Farm pond at Kura's, West Suffield, CT
I picked blueberries and raspberries here in August.
I had a dream awhile ago in which I moved back to where I had grown up. (My family moved when I was 13 to another country.)
In my dream, I was revisiting an old boyfriend.
I discovered that, somehow, I'd had a baby when I was young which I didn't know about. (How weird is that, but you can do and be anything in your dreams, right?)
They thought the child should know who it's mother was.
The child, a boy, was now about 4. The father had custody, and both of us were single, so we were considering reigniting the relationship due to this child. We met, without the child realizing exactly who I was. I can remember looking across the room, and seeing this child for the first time. He was playing.
All of a sudden, the moment I laid eyes on him, I got this amazing unexplainable rush of emotion.
It was an absolute unconditional love and acceptance of this child.
I would do anything for him. I would love him forever and beyond without condition.
I immediately accepted him for exactly what and who he was.
Just like that.
I have to stop here and explain something to those of you who have your own children. I have none of my own. Never had the privilege. I have 2 step kids that I love, and told them when they were preteens that I love them even if they didn't love me back. I can remember that moment to this day, and their faces when I told them. That was nearly 20 years ago.
This dream has stayed with me, and I remember being so thankful when I woke up that I got to experience that. I can only assume that all parents have this amazingly deep feeling of unconditional love for their children.
I was thinking last night again about this dream as I read the last few pages of 'At First Sight' by Nicholas Sparks, about when his wife died giving birth to their only child. As the tears ran down my face, I remembered that dream. And a new thought occurred to me.
This must have been to some degree what God felt when He looked down at mankind, and decided to give up His only Son for us. When God looked down with the fierce unconditional love that we cannot even imagine - there was no other option for our salvation. This wasn't even a multiple choice question. There was no thought of 'there must be some other way'. His love was so amazing, so deep, so beyond what we feel even for our children, that He did what He had to do because of His love for us.
It was at that moment that I had a beginning of understanding of parental love. Sacrificial love. The kind of love that you would do absolutely anything for the good of your child.
I love my step kids. I love my nieces and nephews. I love my husband, love my parents. My love and need for them overwhelms me sometimes. But I know it can't even come close to what God feels for us. It just can't. His is on a whole other level.
I was pregnant for 7 weeks once. I remember how my feelings even at that point had gotten to where the baby was more important than myself. I would have done whatever I could for it's health and safety. Unfortunately, nothing could be done to save it.
But I am SO THANKFUL that I got to experience even that little bit.
I feel the same way about this dream. Maybe God, in His goodness and mercy, gave me that feeling, so I could have but a moment to know what it was like. And to have some glimpse of His deep and fathomless love for me.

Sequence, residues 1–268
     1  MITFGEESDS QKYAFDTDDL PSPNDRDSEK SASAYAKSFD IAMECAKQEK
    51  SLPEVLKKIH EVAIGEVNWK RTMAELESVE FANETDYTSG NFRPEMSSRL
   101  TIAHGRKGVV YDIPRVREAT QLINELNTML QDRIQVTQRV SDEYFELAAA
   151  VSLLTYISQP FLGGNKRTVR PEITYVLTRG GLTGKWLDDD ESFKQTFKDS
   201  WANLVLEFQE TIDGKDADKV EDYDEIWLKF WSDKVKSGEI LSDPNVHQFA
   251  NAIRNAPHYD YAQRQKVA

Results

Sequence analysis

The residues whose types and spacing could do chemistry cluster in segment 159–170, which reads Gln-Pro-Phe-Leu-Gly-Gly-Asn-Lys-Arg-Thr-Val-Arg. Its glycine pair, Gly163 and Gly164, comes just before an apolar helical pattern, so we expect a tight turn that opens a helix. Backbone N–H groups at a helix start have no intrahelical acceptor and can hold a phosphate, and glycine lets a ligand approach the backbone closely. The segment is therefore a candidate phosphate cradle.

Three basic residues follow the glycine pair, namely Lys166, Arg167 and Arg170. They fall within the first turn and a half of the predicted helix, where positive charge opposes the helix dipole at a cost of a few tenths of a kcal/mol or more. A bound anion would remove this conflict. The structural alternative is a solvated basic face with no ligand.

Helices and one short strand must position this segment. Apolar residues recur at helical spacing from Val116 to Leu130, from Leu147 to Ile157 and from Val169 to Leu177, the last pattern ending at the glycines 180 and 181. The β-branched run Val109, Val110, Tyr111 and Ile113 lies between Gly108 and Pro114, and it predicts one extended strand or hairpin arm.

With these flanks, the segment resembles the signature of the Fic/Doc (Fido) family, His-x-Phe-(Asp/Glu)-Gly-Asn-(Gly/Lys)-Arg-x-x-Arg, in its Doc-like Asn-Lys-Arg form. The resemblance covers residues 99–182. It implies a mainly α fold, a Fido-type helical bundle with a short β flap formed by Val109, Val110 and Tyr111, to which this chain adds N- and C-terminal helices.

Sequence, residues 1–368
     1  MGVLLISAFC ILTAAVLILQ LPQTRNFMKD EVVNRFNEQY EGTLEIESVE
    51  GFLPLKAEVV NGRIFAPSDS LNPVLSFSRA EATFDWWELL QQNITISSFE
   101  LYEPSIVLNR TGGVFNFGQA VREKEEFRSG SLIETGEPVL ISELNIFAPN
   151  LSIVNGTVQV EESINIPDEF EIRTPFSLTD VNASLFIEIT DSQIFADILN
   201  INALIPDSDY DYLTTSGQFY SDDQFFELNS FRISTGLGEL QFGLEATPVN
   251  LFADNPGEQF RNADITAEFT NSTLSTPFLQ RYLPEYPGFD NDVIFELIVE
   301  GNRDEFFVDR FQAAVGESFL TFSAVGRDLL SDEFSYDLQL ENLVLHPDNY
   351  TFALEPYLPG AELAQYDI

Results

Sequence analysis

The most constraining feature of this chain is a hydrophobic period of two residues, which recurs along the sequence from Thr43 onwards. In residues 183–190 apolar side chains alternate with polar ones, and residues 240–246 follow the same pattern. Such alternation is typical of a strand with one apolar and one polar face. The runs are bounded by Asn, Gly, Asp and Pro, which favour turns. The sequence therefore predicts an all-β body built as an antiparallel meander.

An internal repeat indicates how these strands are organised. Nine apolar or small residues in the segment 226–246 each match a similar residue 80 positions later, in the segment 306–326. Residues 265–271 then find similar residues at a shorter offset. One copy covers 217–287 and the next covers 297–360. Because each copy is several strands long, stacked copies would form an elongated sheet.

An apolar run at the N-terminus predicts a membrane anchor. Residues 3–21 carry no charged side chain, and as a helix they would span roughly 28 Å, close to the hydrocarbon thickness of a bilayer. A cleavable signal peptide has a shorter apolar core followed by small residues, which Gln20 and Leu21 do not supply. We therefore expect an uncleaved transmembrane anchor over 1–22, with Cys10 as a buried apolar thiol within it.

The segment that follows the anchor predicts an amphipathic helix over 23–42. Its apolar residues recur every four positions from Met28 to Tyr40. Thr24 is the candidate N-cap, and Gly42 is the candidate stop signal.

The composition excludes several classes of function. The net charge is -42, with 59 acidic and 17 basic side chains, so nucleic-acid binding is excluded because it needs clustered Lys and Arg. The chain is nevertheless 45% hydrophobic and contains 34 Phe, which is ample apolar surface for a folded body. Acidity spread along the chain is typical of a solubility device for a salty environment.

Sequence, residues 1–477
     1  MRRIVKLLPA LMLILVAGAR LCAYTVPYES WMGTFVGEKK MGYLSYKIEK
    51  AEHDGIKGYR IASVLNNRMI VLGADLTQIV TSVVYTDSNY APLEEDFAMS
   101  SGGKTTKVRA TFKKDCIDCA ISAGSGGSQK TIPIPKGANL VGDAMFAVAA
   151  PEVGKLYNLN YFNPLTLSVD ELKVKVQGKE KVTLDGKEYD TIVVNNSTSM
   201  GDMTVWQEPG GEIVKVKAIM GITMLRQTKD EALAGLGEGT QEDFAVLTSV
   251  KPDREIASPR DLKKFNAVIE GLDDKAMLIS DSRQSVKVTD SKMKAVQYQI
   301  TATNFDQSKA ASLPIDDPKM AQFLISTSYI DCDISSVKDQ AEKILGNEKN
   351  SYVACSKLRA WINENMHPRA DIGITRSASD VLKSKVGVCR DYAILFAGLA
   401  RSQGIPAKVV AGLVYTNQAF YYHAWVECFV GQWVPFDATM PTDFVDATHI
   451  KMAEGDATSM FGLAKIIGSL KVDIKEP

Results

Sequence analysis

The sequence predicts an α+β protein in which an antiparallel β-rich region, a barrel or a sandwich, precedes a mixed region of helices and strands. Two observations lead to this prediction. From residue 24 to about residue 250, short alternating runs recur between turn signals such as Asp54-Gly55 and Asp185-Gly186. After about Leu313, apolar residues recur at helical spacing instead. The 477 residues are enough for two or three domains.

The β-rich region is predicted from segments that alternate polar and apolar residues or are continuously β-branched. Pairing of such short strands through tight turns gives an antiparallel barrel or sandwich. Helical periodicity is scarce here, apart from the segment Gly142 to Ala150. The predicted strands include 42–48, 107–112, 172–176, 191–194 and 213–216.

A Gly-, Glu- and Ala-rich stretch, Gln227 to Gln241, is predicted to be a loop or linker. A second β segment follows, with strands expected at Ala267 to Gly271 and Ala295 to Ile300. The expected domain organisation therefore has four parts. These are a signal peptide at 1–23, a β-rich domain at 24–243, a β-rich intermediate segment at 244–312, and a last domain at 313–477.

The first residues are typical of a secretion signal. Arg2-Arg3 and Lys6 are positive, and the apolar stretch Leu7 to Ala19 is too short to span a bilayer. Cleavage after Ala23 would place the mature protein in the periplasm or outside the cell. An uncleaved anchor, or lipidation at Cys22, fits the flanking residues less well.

It's an amazing thing to love something that much. It's what makes life worth living.
Saturday, September 27, 2008
Posted by ctgardengirl at 2:22 PM
Friday, September 5, 2008
Well. That's over and done with.
For a few days now, when I went out my front door, or opened my living room window, this sickly sweet nasty odor came wafting in. I figured something must have crawled either under the front cement step, or under the bushes somewhere and kicked the bucket, so to speak.
I looked briefly, but couldn't detect exactly where the smell was emanating from. All I know is, when I got too close to ground level, it was bad. Real bad.
With only a 2 inch opening behind the cement step, odds were that if anything crawled in there, it had to be a small rodent. In which case, I wouldn't be able to access it, and would have to live with it it until it completely decomposed. Ugh.
Today, upon opening the front window to try to cool off the house, I decided I'd had enough. I would play detective and come to the bottom of this if I could.
Armed with a weak flashlight and some garden gloves, I began pulling back branches from the very large (way too large, if you ask me) evergreen to see down to the bottom. This baby is about 6 feet across and 2 - 2 1/2 feet tall. One of those ugly evergreens everyone planted 20 years ago too close to the house, and now it needs to be cut out completely.
Anyway, I finally thought I detected something. So I got my garden rake, and began tentatively pulling out mulch from under this giant bush. I thought I saw a small flat mouse-like rodent.
Nope. Nothing came out with the rake but mulch.
I looked further in.
There it was. I pulled out a slightly flattened much dead squirrel. Apparently something happened to it (West Nile? Lost a fight with a hawk? Too big of leap off the deck?...) and it crawled, thank you very much, under my bush to die. (Why not the woods? There are ACRES of woods around my house!)
Well, it finally got a decent burial. I couldn't bury it too deep, as there were too many tree roots. I just hope the coyotes don't come this close to the house...
PS: As much as I love to include photos in my blog ---I think I will forgo it this time. :0)
Posted by ctgardengirl at 5:03 PM